Proof Technique DC Decompositions
Much of your mathematical upbringing, especially once you began a study of algebra, revolved around simplifying expressions — combining like terms, obtaining common denominators so as to add fractions, factoring in order to solve polynomial equations. However, as often as not, we will do the opposite. Many theorems and techniques will revolve around taking some object and “decomposing” it into some combination of other objects, ostensibly in a more complicated fashion. When we say something can “be written as” something else, we mean that the one object can be decomposed into some combination of other objects. This may seem unnatural at first, but results of this type will give us insight into the structure of the original object by exposing its inner workings. An appropriate analogy might be stripping the wallboards away from the interior of a building to expose the structural members supporting the whole building.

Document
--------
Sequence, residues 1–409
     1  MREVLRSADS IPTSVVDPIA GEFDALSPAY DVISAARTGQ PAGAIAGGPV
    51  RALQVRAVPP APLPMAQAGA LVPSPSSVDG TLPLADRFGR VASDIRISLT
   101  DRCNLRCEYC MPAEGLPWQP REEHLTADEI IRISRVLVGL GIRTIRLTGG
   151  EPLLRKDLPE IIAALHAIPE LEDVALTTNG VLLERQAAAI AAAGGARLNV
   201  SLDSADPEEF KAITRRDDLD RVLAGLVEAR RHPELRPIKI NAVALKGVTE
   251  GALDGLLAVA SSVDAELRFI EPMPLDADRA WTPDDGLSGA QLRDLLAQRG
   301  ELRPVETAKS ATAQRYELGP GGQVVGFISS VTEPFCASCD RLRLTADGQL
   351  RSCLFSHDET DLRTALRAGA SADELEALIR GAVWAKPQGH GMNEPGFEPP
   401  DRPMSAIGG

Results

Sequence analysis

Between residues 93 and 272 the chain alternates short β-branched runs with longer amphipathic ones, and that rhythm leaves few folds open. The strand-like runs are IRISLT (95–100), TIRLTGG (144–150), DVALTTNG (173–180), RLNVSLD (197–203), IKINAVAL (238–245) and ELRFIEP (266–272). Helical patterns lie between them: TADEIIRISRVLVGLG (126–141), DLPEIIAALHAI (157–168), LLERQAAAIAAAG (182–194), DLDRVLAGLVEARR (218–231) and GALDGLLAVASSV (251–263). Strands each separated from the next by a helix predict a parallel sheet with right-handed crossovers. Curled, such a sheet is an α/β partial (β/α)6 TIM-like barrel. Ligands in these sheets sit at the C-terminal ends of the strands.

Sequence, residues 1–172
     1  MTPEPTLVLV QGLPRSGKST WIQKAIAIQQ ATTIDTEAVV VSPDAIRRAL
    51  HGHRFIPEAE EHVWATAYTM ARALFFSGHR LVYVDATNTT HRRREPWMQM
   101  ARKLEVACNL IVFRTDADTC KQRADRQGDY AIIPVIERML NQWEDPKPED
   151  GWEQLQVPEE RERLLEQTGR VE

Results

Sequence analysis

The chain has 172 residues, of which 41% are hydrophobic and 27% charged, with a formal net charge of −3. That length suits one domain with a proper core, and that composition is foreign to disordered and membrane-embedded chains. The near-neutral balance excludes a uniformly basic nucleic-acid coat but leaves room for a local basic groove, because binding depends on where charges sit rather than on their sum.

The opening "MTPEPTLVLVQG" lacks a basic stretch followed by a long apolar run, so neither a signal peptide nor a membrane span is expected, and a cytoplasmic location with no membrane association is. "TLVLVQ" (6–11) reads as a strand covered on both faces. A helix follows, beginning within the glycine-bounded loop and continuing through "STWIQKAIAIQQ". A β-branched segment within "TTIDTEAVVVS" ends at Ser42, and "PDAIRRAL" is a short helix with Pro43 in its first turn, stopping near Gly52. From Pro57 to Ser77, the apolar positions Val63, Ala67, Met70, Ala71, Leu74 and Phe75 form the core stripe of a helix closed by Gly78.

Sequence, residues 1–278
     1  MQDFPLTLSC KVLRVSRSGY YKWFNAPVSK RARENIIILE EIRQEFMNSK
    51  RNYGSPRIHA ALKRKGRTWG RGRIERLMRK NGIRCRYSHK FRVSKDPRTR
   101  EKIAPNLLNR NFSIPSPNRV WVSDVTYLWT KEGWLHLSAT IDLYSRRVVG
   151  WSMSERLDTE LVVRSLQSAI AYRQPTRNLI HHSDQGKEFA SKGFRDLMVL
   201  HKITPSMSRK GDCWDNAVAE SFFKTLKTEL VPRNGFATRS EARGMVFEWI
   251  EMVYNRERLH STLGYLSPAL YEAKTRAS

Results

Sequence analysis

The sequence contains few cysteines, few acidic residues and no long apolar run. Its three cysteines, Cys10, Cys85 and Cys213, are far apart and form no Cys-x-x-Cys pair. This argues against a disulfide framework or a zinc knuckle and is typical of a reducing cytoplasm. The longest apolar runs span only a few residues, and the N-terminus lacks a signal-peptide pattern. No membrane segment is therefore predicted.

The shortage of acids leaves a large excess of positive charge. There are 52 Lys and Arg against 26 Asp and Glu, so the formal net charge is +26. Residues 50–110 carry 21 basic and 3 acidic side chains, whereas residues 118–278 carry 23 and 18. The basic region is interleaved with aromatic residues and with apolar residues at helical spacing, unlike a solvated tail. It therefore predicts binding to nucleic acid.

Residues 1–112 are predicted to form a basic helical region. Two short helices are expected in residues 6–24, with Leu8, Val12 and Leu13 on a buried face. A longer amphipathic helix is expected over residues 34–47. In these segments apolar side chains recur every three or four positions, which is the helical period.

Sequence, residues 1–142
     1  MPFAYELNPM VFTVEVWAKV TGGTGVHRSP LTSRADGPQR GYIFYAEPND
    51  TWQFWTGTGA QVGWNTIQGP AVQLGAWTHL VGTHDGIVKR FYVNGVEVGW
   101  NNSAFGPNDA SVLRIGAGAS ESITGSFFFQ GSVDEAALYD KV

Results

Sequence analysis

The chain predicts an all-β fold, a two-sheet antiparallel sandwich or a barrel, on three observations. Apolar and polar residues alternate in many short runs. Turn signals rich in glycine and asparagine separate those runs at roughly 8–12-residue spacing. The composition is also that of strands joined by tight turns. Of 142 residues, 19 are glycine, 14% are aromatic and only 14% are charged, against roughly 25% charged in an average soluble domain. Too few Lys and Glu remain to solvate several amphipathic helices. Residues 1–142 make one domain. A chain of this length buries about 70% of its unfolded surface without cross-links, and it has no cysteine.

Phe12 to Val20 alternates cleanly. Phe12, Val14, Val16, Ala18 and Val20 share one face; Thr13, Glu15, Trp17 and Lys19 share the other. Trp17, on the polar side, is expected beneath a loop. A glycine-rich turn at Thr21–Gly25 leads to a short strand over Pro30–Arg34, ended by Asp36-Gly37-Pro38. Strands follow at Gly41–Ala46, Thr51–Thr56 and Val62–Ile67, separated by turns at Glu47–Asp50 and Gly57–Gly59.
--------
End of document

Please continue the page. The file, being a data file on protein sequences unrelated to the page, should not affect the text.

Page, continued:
Perhaps you have studied integral calculus, or a pre-calculus course, where you learned about partial fractions. This is a technique where a fraction of two polynomials is decomposed (written as, expressed as) a sum of simpler fractions. The purpose in calculus is to make finding an antiderivative simpler. For example, you can verify the truth of the expression
In an early course in algebra, you might be expected to combine the four terms on the right over a common denominator to create the “simpler” expression on the left. Going the other way, the partial fraction technique would allow you to systematically decompose the fraction of polynomials on the left into the sum of the four (arguably) simpler fractions of polynomials on the right.
This is a major shift in thinking, so come back here often, especially when we say “can be written as”, or “can be expressed as,” or “can be decomposed as.”